During their time under Mexico heavy taxes had been imposed, and in elections the Central Americans elected republicans. A Congress of the five provinces without Chiapas met on June 24 with José Matias Delgado presiding. On the first of July they declared their independence, and the next day they formed the Constituent National Assembly that met for 19 months to organize a government with the Assembly as the legislature, three elected executives, and a judiciary of existing courts. They acknowledged the public debt, proclaimed Catholicism the state religion, and decreed a free press. Liberals favored a federal republic while their opponents strove to retain Guatemala’s influence. To the executive the liberals elected General Arce, Dr. Pedro Molina, and Juan Vicente Villacorta.
      Negotiations persuaded Filisola to withdraw the Mexican forces from Costa Rica and Nicaragua on 3 August 1823. On the 21st they annulled the acts of the previous imperial government, and on October 27 they directed Central American deputies except for Chiapas to withdraw from the Mexican Congress. Unpaid soldiers led by Captain Rafael Ariza mutinied. After some disturbance negotiations led to Ariza being made commander-in-chief. When he refused to follow orders, he was sent to Antigua and then fled. On October 12 a Salvadoran force came to Guatemala City to support the rebelling soldiers, but after some brawls they left three weeks later. The principles of the constitutional republic were decreed and published on December 17. By April 1824 they had emancipated all slaves including those coming from other countries, and they prohibited the slave trade. The constitution was not promulgated until November 22, and the national congress finally ratified it on 1 September 1825. Two senators from each state acted as an executive council, and their president was vice president of the republic. The members of the supreme court were popularly elected. The treasury was depleted, but they got a favorable loan of $7 million from a London firm, using tobacco and customs duties as pledges for repayment.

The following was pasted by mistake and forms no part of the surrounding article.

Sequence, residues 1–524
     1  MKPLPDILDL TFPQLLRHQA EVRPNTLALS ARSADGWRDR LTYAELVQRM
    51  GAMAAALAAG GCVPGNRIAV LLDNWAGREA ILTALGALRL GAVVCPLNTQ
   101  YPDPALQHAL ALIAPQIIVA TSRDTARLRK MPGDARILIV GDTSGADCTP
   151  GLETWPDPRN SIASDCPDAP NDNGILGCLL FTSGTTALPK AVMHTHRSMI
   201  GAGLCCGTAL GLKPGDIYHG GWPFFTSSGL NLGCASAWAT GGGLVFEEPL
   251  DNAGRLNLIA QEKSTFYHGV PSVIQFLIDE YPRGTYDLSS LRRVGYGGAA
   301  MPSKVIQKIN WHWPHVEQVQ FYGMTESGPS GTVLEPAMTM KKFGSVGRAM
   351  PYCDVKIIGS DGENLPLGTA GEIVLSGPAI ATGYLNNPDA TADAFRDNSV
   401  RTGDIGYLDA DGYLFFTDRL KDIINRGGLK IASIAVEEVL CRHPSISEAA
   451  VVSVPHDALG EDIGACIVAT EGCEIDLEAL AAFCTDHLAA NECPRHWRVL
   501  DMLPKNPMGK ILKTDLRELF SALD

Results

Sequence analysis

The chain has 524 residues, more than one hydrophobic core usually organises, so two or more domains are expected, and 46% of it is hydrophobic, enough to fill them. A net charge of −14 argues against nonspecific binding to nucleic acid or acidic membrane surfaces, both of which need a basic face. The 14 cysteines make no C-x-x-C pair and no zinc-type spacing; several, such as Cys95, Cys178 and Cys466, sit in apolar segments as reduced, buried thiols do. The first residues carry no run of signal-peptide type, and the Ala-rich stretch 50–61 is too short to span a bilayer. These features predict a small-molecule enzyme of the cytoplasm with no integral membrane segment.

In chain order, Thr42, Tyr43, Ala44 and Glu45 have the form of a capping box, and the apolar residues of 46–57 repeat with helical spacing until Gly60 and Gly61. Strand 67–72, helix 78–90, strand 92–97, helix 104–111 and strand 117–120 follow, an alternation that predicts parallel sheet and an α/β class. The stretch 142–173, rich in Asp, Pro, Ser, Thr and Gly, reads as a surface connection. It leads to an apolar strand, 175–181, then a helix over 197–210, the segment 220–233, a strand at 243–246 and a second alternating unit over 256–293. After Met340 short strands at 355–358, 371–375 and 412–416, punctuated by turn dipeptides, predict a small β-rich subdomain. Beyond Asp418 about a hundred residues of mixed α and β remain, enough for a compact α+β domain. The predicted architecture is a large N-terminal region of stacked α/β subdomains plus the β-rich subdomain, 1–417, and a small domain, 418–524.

On 6 February 1825 the Congress of the Federal States of Central America met and chose the liberal Mariano Gálvez as their president. They began diplomatic relations with Britain and the Netherlands. Pedro Molina had resigned, but as plenipotentiary to Colombia he negotiated a treaty on March 25. On April 21 the Congress declared that Arce had been re-elected to the executive. Central America made a treaty with the United States of America on December 5. Arce tried to please both parties and lost the confidence of the Liberals. A second constitutional congress met on 1 March 1826. Arce was accused of squandering the money borrowed from London, and he dissolved the Congress. Deputies from Salvador and Costa Rica left their seats, and most of the opposing party called “serviles” resented liberal attacks on the clergy and left the chamber without a quorum. Arce survived a coup attempt by the state of Guatemala’s chief executive Juan Barrundia, and Arce had him arrested.